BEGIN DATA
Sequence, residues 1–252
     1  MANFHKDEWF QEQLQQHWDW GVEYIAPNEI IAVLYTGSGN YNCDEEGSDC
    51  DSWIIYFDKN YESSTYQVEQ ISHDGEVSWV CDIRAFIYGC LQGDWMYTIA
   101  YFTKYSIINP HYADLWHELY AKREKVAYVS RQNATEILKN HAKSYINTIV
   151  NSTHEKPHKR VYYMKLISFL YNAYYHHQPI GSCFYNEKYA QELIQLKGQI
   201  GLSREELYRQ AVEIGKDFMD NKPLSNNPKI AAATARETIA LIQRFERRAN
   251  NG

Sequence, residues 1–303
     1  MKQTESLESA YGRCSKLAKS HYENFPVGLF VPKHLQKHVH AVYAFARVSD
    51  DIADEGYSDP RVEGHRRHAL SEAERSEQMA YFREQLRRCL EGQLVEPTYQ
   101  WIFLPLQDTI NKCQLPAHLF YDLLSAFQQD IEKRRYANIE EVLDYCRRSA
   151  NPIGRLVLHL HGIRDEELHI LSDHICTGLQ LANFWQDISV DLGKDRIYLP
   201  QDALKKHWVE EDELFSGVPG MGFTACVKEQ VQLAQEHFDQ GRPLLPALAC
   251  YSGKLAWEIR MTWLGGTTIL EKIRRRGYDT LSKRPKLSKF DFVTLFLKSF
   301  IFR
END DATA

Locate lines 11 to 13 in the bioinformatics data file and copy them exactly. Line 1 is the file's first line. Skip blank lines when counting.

   101  WIFLPLQDTI NKCQLPAHLF YDLLSAFQQD IEKRRYANIE EVLDYCRRSA
   151  NPIGRLVLHL HGIRDEELHI LSDHICTGLQ LANFWQDISV DLGKDRIYLP
   201  QDALKKHWVE EDELFSGVPG MGFTACVKEQ VQLAQEHFDQ GRPLLPALAC